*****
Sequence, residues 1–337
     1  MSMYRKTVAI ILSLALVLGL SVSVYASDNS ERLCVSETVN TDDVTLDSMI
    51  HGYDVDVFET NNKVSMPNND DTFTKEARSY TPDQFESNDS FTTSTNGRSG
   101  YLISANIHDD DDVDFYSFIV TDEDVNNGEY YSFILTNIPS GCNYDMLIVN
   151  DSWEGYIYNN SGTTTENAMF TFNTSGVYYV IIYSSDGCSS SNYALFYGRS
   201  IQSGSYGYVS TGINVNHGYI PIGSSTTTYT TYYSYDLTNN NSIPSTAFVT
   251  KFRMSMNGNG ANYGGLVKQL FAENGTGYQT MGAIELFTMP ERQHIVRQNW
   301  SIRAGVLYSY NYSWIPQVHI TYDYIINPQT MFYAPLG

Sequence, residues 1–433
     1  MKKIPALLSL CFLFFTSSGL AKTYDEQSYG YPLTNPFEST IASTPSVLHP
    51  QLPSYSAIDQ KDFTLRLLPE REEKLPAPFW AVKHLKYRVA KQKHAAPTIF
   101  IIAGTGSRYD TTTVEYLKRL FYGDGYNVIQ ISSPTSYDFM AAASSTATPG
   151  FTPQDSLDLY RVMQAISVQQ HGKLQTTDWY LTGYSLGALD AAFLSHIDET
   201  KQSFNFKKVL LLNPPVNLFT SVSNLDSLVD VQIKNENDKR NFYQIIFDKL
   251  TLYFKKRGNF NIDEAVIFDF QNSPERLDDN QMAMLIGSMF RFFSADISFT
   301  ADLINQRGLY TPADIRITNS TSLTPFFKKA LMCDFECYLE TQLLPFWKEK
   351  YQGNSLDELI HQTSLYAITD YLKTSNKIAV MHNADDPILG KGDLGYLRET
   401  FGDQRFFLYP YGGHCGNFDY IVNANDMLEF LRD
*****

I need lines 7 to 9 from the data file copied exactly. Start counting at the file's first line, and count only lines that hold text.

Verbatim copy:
   251  KFRMSMNGNG ANYGGLVKQL FAENGTGYQT MGAIELFTMP ERQHIVRQNW
   301  SIRAGVLYSY NYSWIPQVHI TYDYIINPQT MFYAPLG

Sequence, residues 1–433